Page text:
Bronte's Narrative Technique
Bronte's Narrative Technique
The action of the novel is presented in the form of a number of eyewitness accounts - those of Lockwood, Nelly, Heathcliff, Isabella, Cathy and Zillah. Nelly tells the bulk of the story to Lockwood but events are recorded in the words of those involved. What does this achieve?
We begin almost at the end of the story. Why is this?
Nelly's hugely detailed narrative moves on apace, bringing us close to the action. Consider the effect of her use of colloquialisms and inclusion of personal opinion. It is told in several sittings denoting the passage of time.
Lockwood is the recipient of her tale. His fascination helps us suspend our disbelief and we are also placed in the position of being more perceptive than the people involved in the story. Look at the differences in the way Lockwood and Nelly tell their parts of the story. It is very revealing about character.
How does each chapter begin and what is the effect of this?
The flashback technique is used to good effect. An event is revisited, often by a different character later in the novel. Examples are the burial of Catherine in Chapter 16 and then in Chapter 29 and the fight between Hindley and Heathcliff in Chapter 17 and Chapter 29. Look for other examples and explain what is achieved as a result.
The time structure is complex (we move back and forth), though there are few sudden jumps in the narrative. Broadly speaking the stories of Catherine and Cathy parallel each other in the way they are told. Days and weeks are related in detail and then the narrative moves forward in months or years.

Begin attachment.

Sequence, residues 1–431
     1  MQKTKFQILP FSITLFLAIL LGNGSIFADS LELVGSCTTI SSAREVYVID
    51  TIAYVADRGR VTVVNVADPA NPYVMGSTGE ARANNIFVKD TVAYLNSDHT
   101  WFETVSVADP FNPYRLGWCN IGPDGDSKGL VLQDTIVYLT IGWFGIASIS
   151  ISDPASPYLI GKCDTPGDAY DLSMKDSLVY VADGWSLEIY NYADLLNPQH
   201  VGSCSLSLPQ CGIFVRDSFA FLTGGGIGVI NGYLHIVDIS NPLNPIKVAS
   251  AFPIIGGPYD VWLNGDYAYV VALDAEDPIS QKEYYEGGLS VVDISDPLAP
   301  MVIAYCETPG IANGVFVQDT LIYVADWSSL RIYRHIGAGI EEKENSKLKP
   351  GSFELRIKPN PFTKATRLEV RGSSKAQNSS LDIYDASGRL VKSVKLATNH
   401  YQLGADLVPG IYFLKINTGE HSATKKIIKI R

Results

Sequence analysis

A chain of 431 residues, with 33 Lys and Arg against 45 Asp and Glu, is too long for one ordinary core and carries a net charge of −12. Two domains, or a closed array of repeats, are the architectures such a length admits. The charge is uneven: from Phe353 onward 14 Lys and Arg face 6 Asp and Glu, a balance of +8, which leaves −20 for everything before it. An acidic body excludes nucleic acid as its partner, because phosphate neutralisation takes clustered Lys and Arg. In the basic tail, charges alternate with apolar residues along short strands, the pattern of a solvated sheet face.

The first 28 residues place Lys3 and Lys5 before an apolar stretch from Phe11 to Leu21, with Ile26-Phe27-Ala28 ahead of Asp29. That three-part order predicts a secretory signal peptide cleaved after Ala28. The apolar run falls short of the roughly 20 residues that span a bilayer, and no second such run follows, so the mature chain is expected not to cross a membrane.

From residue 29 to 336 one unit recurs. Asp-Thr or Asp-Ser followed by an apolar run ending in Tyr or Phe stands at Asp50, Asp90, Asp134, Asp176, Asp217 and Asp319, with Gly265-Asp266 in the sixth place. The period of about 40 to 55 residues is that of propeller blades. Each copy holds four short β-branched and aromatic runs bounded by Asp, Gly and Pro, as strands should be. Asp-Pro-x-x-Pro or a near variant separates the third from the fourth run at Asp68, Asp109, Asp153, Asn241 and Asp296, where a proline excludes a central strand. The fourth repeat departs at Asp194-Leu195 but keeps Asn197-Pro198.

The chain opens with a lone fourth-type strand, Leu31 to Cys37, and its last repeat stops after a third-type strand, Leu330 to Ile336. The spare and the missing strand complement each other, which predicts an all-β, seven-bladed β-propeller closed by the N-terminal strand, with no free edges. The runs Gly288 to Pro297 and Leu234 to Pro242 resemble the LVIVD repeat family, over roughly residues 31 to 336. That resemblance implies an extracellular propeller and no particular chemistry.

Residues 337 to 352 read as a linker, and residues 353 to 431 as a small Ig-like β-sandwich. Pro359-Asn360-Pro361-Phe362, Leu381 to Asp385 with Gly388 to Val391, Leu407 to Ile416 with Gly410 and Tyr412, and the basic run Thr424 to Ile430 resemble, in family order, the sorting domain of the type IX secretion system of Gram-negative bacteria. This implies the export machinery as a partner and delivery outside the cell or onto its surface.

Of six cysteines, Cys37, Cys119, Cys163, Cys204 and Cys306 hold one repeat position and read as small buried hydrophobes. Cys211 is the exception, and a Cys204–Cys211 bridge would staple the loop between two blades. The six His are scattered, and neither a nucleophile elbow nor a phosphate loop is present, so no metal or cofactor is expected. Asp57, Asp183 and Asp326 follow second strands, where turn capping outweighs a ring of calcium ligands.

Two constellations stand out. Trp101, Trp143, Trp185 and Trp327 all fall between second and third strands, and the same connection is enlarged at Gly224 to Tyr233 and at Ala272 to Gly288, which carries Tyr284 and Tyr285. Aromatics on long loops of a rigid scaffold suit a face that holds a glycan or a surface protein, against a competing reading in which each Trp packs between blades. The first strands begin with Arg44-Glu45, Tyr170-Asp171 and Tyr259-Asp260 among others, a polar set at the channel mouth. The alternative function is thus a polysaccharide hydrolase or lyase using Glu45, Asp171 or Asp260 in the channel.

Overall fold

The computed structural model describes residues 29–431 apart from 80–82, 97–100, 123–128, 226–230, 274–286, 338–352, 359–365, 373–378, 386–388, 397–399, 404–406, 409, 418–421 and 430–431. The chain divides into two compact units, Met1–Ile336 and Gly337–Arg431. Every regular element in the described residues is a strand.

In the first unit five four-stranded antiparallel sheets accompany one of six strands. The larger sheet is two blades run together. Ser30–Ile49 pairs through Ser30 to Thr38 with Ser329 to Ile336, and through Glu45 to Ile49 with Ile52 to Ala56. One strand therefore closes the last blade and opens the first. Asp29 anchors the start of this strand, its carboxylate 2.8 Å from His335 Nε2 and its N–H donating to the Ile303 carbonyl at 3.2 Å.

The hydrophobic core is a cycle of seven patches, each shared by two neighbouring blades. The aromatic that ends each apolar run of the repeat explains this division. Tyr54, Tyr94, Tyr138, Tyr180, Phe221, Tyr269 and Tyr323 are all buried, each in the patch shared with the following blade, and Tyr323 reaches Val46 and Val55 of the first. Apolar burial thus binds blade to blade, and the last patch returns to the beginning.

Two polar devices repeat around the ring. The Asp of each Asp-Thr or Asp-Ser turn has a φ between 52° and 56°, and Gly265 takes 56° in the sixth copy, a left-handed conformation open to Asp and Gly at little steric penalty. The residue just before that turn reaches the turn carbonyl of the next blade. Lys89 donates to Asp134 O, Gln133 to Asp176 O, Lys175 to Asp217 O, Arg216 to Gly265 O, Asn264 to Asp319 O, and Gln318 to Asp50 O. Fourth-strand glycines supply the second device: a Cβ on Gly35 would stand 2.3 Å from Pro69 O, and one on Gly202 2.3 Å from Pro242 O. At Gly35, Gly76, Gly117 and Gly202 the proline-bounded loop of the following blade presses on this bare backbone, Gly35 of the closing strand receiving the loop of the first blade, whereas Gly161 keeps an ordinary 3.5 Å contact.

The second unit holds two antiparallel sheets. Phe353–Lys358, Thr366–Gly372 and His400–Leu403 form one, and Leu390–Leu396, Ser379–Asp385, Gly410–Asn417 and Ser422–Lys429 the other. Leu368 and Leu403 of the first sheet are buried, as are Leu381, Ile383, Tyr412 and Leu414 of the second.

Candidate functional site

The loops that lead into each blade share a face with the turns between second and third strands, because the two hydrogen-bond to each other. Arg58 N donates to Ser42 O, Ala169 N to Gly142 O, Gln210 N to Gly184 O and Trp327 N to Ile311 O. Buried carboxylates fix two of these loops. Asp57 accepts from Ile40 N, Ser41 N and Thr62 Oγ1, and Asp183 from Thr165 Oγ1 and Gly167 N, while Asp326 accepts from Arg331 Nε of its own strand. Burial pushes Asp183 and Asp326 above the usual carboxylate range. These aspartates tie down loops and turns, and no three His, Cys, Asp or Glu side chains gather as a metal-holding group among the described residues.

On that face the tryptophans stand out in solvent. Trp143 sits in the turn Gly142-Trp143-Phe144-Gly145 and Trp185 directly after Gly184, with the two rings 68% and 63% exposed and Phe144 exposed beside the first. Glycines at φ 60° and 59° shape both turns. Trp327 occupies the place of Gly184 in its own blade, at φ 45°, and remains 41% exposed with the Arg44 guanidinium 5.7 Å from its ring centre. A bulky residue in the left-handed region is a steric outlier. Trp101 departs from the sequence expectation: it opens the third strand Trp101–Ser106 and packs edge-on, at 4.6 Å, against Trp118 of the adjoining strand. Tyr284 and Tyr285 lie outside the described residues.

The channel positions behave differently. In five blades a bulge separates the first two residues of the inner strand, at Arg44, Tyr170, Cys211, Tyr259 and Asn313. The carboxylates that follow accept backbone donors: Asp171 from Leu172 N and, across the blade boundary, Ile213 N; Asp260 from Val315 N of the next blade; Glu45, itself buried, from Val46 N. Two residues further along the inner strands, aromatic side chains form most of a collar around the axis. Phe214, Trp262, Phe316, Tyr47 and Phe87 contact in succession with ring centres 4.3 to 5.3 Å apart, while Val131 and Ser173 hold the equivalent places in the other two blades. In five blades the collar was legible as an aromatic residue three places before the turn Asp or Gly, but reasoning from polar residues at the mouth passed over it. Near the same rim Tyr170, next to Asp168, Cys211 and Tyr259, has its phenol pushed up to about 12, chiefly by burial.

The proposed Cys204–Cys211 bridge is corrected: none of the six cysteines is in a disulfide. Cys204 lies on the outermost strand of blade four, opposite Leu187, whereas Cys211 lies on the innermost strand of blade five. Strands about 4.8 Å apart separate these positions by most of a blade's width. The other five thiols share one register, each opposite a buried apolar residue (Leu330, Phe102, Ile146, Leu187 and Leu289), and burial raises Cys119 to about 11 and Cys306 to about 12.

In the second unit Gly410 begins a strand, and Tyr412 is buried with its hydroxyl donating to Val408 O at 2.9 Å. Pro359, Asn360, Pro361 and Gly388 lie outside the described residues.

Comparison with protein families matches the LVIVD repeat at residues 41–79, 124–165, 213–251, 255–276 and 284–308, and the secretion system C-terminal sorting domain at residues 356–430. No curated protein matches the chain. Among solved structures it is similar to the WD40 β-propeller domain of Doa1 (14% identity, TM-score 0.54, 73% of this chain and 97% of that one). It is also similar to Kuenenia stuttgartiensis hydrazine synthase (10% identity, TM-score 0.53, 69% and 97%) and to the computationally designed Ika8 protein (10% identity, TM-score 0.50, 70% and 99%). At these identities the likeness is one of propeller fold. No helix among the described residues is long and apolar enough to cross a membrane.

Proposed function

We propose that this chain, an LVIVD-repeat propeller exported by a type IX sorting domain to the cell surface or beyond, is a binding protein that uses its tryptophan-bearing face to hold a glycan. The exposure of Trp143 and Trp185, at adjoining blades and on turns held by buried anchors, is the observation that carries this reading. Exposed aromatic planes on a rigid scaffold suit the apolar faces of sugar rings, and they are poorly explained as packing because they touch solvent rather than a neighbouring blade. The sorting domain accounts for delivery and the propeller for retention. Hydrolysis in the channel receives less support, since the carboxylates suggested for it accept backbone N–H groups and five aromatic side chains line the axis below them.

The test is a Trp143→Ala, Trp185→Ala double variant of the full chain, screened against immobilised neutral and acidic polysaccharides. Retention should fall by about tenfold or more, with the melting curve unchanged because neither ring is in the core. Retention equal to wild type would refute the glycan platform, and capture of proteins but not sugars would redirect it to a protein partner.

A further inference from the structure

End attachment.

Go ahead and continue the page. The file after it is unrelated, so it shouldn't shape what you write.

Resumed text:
There are other areas of symmetry. What are they? To what extent can parallels be drawn between the relationships of the first and second Catherines?
Like Thomas Hardy, Bronte uses images of nature to reflect human passions and to convey the essential characteristics of her gallery of characters.
What are the attitudes to nature of Catherine and Cathy?
The moors symbolise freedom to Catherine and Heathcliff; it is the place where they achieve their final union but look at which characters are out of their depth there.
Catherine uses images of the earth to describe her contrasting feelings for Edgar and Heathcliff. Look at what she says. Which are enduring and which are fragile?
Storms reflect danger and conflict. There is a storm on the night Heathcliff flees Wuthering Heights, when Catherine is buried and when Heathcliff dies.
What kind of weather is associated with Cathy?
Who finds the air at Wuthering Heights cold?
Traditionally life-giving but dangerous when out of controlled. At Wuthering Heights the hearth is the centre of life. Edgar orders a fire to be lit at the Grange, but it cannot do for Catherine what the warm sunshine at the Heights can.
Who orders that a fire be lit for him on the day prior to his death? What might this symbolise?
Catherine states that her soul and Heathcliff's are made of fire.
These images take on several forms - tears, streams, rain, snow, and frost. Cathy and Nelly go for a walk when rain is threatening, suggesting Cathy's low spirits; Hareton sheds tears over Heathcliff's corpse, suggesting his forgiving nature and deep feelings. Look for other examples.